A Bittersweet Day

Current CHS student, Lydia Krienke, looks at the list after school.

“I hate this day because of all the numbers we drew that weren’t going to get in,” said John Boshoven. A record this year of 454 students applied to the Community High School lottery, held on Feb. 12, and 122 got in. The class of 2017 will have 114 students, so they expect at least eight students to decline their acceptance. “It’s hard because all these kids thought that Community was a good fit for them and just by randomness most will not [be accepted].”

The lottery process starts on the same day at 9:30 a.m. Seven people sit around the table in room 222 with two cardboard boxes in front of them: one contains papers numbered 1-454 and the other has the names of all the applicants. No computers or electronic devices are used in the drawing process; it is all paper and pen. Boshoven picks and reads off the names of the students and Mike Mouradian, a former CHS teacher and counselor, randomly picks a number out of the other box to pair with the student. Luke Cerry, the Dean’s intern, staples the two pieces of paper together. Registration and CR secretary Latonya Mayfield, Counseling Secretary Karen Schleh, Counseling Intern Ashley Greer and Secretary to the Dean Christina Hicks each sit with two pieces of paper in front of them that list the applicants names. They write down the number assigned to the applicant when they hear it read off.

It’s a bittersweet day. The mood in the room begins light, with excitement for a new class. However, they cannot help being sad since about three quarters of the applicants are not accepted. Diane Dudley sends a basket filled with chocolates and other treats to the room to cheer them onwards.

Christina Hicks posts the lottery results on Community’s first floor window.

Hicks posted the results on the window outside Community’s back lawn after school. They wait until 3 p.m. to display the numbers so that middle schoolers are not disrupted during class. Boshoven hopes that posting it at this time will allow students to have support from their parents.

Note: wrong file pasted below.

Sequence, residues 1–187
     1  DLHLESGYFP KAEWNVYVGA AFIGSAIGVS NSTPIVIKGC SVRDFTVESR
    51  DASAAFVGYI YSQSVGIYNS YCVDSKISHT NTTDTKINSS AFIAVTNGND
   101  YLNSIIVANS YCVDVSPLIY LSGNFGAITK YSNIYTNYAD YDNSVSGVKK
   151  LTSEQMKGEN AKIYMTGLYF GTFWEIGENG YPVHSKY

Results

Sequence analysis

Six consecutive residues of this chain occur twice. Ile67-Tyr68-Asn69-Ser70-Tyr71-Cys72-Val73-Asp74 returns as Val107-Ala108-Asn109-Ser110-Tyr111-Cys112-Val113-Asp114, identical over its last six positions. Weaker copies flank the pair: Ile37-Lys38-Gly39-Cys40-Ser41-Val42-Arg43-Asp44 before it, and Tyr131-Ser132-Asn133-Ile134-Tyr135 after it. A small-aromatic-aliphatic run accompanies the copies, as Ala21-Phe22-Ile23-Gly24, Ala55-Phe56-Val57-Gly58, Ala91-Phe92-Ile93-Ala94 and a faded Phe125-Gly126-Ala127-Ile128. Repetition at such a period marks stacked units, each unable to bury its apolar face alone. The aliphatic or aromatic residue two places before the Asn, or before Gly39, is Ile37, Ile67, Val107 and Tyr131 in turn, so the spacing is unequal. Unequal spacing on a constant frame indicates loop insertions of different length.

At a little past 3 p.m. eighth-graders from all of the different middle schools in Ann Arbor start to crowd in front of the posted numbers. The back lawn of CHS, usually occupied by current students, is covered by groups of eighth-graders, each one having just heard the news that could determine the course of his or her next four years. There is an extreme range of emotions, with some of the students comforting their bawling friends, and some literally jumping for joy at the good news.

Conor Durkin, an eighth-grader from Forsythe, wasn’t selected. “I was close,” Durkin said, “I was 140.” Durkin was attracted to the many electives CR’s he could take at Community and the freedom in course selection. Even though Durkin isn’t a student at CHS, he still remains optimistic. “I’m a little disappointed, but I’m happy that I got such a low number… I might try to duel [between CHS and Skyline].”

Morgan Barnes-Whitehead, an eighth-grader at Ann Arbor Open was not one of the lucky 122. She wanted to come to Community because of the similar atmosphere that Ann Arbor Open has. Barnes-Whitehead is nervous for the future because she thinks the other high schools are big and intimidating. She felt “…sad, and a little scared. But happy for my friends that did get in.”

The box filled with 454 numbers that are assigned to the applicants.

Some students try to look at the bright side even though they did not make it into Community. “Well I’m disappointed, but I guess I figure it just wasn’t meant to happen,” Elena Chambers, an eighth-grader at Ann Arbor Open. Like many eighth-graders, Chambers was drawn to Community because of the supportive atmosphere. She applied to Pioneer High School but will attend Skyline High School next fall if she does not get in.

CHS freshman Kaiya Wolff recalls this same day a year ago. “I curled into a fetus on the bus and I cried [of happiness] because my mother told me I got [into Community].” But with all the excitement comes a lot of frustration. “You see friend groups getting split up, and just being happy and sad at the same time. A lot of mixed emotions,” added Wolff.

While it is a sad day for many, it is a very exciting day for some. Cheyanne Anderson was number 60. There are a few things that attracted Anderson to Community. “Well, it’s very individual, which helps me, because I work better on my own time, by myself, and Community seems really good for me. And if I needed more advanced stuff I can take a CR, which sounds really nice,” she said.

Another member of the 122 who got in is Sasha Hurd. The Ann Arbor Open eighth-grader wanted to go to CHS for multiple reasons. “I have a few friends here,” Hurd said, “and I didn’t really like how the other schools were based. And my sister goes to Pioneer and she had some troubles with the teachers there.” Hurd will be making the jump from middle to high school next fall with 113 other CHS freshmen. “I’m very happy,” said Hurd. Although it is unfortunate that not every eighth-grader who applied is able to experience Community, CHS is thrilled to see what the class of 2017 brings to the table in the coming year.